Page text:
Europeans are avoiding purchasing British cars following the UK's vote to leave the European Union in August, said Ralf Speth, chief executive of Jaguar Land Rover (JLR). He added he was informed about this by the carmaker's European sales team.
"They have the very first customers in their showrooms [who] clearly highlight that they don't want to buy British products anymore," Speth said at the Paris Motor Show.
He also warned that this trend could hurt the UK car industry, which supports about 800,000 jobs.
Speth said the industry could suffer more if the final Brexit deal between the UK and the EU results in tariffs being imposed on goods sold to the Continent from the UK.
He explained this would increase the cost of cars in two ways: import tariffs on parts JLR purchases from EU nations and the export tariffs on finished cars being sold across EU nations.
Speth said this would make its vehicles less affordable for European customers.
"If we face higher tariffs than anybody else, then it's quite clear that it's reducing the competitiveness of our products, especially in Europe," he was quoted as saying by the Guardian.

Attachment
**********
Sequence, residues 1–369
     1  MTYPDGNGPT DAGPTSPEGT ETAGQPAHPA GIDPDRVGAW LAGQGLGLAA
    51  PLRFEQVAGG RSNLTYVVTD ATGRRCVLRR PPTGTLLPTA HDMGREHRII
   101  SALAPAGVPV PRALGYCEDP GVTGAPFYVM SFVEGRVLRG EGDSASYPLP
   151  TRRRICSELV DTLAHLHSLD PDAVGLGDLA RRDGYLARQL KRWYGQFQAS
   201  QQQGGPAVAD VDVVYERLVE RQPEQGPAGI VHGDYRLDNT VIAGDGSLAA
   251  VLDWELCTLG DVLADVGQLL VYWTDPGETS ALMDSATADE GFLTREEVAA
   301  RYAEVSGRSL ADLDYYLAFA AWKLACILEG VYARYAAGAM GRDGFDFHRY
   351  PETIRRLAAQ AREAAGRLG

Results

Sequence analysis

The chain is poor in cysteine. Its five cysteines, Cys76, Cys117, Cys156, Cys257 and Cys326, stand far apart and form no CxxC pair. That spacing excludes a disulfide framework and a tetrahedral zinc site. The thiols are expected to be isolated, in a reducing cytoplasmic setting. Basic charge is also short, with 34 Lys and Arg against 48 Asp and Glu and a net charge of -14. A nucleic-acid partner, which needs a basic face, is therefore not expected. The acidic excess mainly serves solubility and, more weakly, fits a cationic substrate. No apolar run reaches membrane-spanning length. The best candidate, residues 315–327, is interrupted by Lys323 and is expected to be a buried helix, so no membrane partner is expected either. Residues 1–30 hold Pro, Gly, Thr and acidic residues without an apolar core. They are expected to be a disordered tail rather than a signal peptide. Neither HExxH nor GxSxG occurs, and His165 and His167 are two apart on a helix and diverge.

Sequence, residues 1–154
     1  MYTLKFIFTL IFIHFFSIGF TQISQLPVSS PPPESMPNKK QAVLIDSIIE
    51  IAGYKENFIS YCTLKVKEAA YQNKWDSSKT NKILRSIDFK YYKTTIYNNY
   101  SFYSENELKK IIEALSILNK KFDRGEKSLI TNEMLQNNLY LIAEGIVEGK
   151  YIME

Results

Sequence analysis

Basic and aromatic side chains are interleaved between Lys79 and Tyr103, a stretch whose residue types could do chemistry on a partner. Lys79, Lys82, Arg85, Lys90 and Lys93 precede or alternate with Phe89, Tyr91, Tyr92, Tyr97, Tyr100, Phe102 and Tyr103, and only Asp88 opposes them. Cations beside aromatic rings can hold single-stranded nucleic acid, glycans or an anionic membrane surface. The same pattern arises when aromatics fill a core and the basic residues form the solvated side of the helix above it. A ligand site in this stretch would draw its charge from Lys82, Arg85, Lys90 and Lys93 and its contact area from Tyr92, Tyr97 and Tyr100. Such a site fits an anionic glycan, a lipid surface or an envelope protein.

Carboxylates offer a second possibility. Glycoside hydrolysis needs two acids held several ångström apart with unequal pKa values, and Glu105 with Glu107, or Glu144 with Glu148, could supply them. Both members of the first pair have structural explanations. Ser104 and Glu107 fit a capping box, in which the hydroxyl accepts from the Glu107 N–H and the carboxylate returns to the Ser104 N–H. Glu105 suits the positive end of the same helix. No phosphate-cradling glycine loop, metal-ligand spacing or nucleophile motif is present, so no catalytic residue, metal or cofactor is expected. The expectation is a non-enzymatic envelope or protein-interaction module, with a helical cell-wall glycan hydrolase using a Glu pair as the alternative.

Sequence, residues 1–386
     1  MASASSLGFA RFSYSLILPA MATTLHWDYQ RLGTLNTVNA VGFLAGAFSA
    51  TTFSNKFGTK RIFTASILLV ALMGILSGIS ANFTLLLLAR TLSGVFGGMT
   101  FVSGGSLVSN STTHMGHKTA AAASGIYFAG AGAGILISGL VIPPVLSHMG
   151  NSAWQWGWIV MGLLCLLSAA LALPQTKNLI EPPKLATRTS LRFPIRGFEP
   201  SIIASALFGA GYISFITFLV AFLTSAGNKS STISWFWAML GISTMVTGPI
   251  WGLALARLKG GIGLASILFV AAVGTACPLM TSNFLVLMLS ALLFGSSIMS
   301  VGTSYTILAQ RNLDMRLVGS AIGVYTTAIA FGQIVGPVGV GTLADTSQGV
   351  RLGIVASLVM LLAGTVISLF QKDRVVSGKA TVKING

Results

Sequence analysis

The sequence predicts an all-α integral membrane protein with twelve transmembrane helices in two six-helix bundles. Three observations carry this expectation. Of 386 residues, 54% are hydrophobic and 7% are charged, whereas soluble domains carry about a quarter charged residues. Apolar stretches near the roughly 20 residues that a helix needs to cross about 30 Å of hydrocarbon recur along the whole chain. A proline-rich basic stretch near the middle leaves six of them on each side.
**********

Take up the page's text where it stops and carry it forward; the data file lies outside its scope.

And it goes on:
This follows Nissan chief executive Carlos Ghosn demanding compensation from the UK if EU imposes "post-Brexit" tariffs.
The Japanese automaker warned that the compensation would be required in order to continue producing cars competitively in the UK.
Nissan's plant in Sunderland is the country's biggest car manufacturing unit and accounts for about 30% of the British auto industry's headline output, employing more than 6,500 people.
When asked to comment on Nissan's demand, Speth said other automakers in the UK should also be given a Brexit compensation deal, if one Nissan receives one.
"We are the only car manufacturer in the UK to do all the work in terms of research, design, engineering, production planning in the UK. We want to have fair treatment and a level playing field at the end of the day," he added.
When asked if JLR would change its investment plans in the UK after the country leaves the EU, Speth said it will not alter its investment strategy but may spend its money elsewhere.
"We have to realign all of our thinking and work on how to handle this Brexit best," he said.